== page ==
(June 3, UPDATED 4:00 p.m.) The Centers for Disease Control and Prevention is focusing on roma and large, round tomatoes in its investigation of an outbreak of Salmonella Saintpaul that has sickened at least 40 people in New Mexico and Texas.

The CDC said in a news release that the specific variety and the origin of tomatoes are still under investigation, but that “preliminary data suggest that large tomatoes, including roma and red round, are the source.”

Emily Palmer, a spokeswoman for the Texas Department of State Health Services, said consumers in Texas and New Mexico are being advised not to eat raw roma or full-sized round tomatoes other than those sold on the vine or grown at home.

Palmer said 21 illnesses had been reported in Texas as of June 3. She said there have been several hospitalizations but no reported deaths in that state.

Deborah Busemeyer, communications director for the New Mexico Department of Health, said that 19 people in that state have suffered Salmonella Saintpaul infections with the same genetic fingerprint as those in Texas. She said the state agency is investigating 17 other Salmonella Saintpaul cases that could be related.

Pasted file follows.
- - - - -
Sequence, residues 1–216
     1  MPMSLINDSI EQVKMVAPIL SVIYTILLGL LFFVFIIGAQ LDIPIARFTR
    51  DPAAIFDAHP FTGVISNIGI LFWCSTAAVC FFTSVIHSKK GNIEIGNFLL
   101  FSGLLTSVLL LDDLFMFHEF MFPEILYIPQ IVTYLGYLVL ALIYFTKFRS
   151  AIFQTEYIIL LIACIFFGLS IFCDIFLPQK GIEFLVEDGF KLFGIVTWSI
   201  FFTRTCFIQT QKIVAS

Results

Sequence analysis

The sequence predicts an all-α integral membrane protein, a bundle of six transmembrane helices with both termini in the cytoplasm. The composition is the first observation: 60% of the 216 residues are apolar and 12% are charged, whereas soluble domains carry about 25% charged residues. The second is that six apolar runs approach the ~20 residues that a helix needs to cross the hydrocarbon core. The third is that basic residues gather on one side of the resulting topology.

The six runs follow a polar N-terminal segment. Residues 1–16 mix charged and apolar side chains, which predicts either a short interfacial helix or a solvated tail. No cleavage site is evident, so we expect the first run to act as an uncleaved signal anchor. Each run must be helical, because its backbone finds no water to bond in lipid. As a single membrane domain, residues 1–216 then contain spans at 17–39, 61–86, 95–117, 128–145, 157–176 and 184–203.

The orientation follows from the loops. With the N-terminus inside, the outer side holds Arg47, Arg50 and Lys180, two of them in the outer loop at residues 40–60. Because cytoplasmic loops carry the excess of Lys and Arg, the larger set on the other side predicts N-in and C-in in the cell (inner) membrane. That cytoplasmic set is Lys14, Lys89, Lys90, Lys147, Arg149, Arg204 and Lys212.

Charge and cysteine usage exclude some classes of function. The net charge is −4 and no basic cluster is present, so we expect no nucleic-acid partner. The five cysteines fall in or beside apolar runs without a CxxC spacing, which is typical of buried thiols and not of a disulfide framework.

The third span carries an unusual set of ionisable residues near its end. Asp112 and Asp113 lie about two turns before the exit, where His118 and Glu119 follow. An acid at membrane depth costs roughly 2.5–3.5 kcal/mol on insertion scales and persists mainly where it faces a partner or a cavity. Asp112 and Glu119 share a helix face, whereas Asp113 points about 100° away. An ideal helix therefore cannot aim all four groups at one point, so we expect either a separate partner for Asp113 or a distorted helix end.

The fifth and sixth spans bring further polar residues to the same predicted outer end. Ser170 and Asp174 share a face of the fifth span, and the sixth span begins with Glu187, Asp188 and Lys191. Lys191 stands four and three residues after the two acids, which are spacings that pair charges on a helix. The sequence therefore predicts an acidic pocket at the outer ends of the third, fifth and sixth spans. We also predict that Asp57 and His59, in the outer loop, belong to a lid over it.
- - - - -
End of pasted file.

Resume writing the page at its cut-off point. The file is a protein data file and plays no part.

Busemeyer said June 3 that there had been at least 12 people hospitalized in New Mexico. No deaths have been reported.

Meanwhile, 30 other cases of Salmonella Saintpaul have been reported in Arizona, Colorado, Idaho, Illinois, Indiana and Kansas. The CDC, the Food and Drug Administration and state agencies are investigating whether tomatoes are linked to those illnesses.

The CDC said illnesses were reported from April 23 to May 27.

The first illnesses in New Mexico were reported May 6 and have been linked to tomatoes purchased at Wal-Mart, Basha’s Supermarkets and Lowe’s Markets, Busemeyer said.

“We bought a ton of tomatoes, and we’re in the process of testing them,” she said. “We’re testing all different kinds. We tried to take a wide sample.”

Tomatoes have had issues with salmonella before. State and county officials linked tomatoes to a salmonella outbreak that sickened 19 customers and three employees in October 2007 at a Quiznos sandwich shop in Rochester, Minn. In 2006, tomatoes were linked to an outbreak of Salmonella Newport that affected 109 people in 19 states.

Last year growers in Florida persuaded state legislators to institute a mandatory safety program to help prevent such outbreaks.